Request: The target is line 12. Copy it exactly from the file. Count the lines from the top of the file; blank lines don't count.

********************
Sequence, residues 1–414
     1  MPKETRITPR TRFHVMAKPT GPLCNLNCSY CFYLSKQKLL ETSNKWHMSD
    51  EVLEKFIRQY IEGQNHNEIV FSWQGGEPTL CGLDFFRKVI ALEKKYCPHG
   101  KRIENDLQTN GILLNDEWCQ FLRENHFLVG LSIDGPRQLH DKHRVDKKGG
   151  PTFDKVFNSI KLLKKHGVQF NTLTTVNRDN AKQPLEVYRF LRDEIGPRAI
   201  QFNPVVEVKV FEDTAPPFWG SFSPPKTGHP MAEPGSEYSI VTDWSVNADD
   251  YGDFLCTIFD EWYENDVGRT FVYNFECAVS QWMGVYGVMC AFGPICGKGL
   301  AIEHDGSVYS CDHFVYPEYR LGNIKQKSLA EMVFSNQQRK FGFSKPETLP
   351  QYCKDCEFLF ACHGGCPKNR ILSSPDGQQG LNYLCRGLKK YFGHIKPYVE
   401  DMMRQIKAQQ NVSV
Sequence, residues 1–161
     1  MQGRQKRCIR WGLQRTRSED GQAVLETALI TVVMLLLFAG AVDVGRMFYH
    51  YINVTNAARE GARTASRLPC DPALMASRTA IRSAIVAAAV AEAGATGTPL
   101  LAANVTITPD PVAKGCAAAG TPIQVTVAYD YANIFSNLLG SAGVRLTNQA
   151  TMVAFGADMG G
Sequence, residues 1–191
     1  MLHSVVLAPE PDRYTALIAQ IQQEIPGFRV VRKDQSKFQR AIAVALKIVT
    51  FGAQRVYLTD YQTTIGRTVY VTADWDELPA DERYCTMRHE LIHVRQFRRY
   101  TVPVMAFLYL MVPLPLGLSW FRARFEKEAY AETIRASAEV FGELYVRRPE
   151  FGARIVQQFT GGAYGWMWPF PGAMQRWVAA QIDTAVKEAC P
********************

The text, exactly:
     1  MQGRQKRCIR WGLQRTRSED GQAVLETALI TVVMLLLFAG AVDVGRMFYH